This time a month ago, few knew Toni Duggan.
Those who follow Manchester City, the England women’s football team or even women’s football more generally will, by now, be well acquainted with the goalscoring winger, yet that Duggan is not a household name is indicative of the systematic underrepresentation of women’s football.
Despite the interest that followed the Three Lionesses’ World Cup campaign this summer, only a minority could name more than a handful of members of the England team that came so close to glory in Canada, and Duggan is noticed far less than any man with an equivalent goalscoring record.
And it wasn’t for this goalscoring record that Duggan hit the headlines, nor for her impressive form with a Manchester City team who lie second in the league. Ultimately, the Scouser made news simply as a result of rumours that she is dating Sergio Agüero.
Besides The Mirror, both The Independent and The Metro ran articles along these lines. Neither publication has ever featured another article with Duggan as anything other than cursorily mentioned as part of a wider team.
Even The Sport Bible jumped on the bandwagon, taking care to explain to us just why this would make Agüero a ‘lucky guy’, with the aid of accompanying pictures. (As if Duggan is supposed to be flattered that an army of quiff-sporting masculine caricatures, whose other interests include ‘banter’ and going for a ‘cheeky Nando’s’, are now ignoring her chosen career to simply objectify her…)
Most shy away from the more overtly sexualised forms of reporting this kind of ‘news’, as epitomised by The Sport Bible, but there are enough apologists for this kind of journalism to encourage three different, national publications to run articles along these lines. After all, these rumours came from Argentinian TV – can newspapers be blamed for responding?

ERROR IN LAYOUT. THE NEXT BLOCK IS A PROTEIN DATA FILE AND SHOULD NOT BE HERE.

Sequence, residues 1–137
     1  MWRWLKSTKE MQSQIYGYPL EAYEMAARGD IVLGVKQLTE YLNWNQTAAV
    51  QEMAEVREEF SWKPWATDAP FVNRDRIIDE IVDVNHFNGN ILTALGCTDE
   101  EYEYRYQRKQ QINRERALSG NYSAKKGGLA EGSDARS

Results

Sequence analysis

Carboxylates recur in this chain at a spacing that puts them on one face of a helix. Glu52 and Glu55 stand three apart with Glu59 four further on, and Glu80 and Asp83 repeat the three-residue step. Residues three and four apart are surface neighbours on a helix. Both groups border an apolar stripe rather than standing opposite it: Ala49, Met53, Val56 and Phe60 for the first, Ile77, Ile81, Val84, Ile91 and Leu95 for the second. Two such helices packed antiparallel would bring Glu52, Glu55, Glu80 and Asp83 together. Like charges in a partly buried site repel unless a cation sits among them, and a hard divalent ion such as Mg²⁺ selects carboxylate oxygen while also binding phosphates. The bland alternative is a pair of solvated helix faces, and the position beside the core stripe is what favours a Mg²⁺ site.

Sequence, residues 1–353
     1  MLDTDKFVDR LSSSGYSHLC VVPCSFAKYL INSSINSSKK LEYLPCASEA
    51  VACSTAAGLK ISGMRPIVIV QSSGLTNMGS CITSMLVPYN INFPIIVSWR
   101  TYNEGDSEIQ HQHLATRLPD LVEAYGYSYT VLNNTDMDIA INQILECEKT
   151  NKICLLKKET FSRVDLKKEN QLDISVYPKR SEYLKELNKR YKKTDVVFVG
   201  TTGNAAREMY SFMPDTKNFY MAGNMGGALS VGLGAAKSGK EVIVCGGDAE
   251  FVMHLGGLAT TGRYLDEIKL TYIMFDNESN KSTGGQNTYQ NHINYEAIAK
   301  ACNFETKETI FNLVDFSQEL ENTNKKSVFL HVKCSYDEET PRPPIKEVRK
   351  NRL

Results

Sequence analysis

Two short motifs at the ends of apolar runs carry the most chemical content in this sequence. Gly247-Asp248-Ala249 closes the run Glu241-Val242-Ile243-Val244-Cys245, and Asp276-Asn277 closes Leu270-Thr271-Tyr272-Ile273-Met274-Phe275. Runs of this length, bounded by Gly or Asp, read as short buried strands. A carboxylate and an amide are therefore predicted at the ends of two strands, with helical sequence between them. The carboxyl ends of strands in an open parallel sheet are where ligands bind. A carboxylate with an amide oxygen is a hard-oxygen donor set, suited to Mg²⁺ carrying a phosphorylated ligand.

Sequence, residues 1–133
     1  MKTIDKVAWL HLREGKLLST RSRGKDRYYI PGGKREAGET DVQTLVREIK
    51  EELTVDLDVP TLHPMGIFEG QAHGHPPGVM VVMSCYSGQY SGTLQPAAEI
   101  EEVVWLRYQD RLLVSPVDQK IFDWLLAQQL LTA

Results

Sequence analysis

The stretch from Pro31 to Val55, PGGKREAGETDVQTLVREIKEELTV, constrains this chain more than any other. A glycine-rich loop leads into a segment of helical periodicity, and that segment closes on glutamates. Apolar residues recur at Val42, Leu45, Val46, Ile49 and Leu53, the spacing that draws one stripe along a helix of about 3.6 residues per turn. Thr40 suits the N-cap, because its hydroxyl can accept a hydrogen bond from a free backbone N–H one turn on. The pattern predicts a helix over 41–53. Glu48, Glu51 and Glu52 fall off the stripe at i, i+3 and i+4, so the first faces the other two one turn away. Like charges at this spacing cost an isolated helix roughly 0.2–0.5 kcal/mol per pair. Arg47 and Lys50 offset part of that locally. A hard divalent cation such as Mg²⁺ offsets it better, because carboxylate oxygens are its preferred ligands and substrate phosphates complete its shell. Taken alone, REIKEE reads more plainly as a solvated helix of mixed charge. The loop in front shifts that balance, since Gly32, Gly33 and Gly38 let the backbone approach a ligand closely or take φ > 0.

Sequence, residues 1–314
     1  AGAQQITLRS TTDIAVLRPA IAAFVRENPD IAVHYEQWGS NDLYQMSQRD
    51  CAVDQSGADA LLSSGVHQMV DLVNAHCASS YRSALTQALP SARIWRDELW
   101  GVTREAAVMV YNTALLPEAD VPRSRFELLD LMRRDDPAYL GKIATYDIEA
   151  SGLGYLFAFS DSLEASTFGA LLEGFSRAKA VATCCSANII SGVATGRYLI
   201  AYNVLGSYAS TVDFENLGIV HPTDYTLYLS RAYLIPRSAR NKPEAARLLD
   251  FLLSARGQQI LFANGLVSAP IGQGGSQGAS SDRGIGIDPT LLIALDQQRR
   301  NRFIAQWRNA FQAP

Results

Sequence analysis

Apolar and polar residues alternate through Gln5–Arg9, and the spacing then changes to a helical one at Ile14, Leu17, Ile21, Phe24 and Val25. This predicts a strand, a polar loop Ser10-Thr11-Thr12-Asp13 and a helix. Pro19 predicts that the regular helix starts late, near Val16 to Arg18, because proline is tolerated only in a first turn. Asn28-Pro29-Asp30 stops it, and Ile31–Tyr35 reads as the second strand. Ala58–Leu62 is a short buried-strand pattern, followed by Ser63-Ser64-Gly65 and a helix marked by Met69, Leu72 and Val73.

Yet this isn’t a response – not really. Argentinian TV reported the rumours. Toni Duggan responded on Twitter to say that this wasn’t true. Both The Mirror and The Independent ran articles on Duggan denying the rumours. Don’t see anything wrong with this? Imagine if the headline was ‘woman denies she’s dating man.’
What, then, is the purpose of such an article, if not to engage in implicit sexualisation and objectification?
Last week, I argued that football is failing minorities. This remains true. But football is failing majorities too. In most countries, women outnumber men, yet the World’s sport does much more for one half of its inhabitants than for the other. And if the Duggan story represents one thing, it’s this.
The Guardian, to its credit, has written on Duggan before in a purely sporting context, yet such articles are few and far between. Overwhelmingly, coverage of women’s football comes through an implicitly misogynistic lens, written about solely in relation to the men’s game. Duggan can only gain renown through dating (or not) Sergio Agüero, Stephanie Roche’s contender for the 2014 Puskás Award is described as resembling James Rodríguez’s effort (which was in fact scored much later) and even a FIFA President suggests that women should wear tighter shorts to encourage more male viewership.
When Sepp Blatter, supposedly the representative of both halves of the game, is talking in terms of so rigidly and sexually defined a “female aesthetic”, what chance does the women’s game have?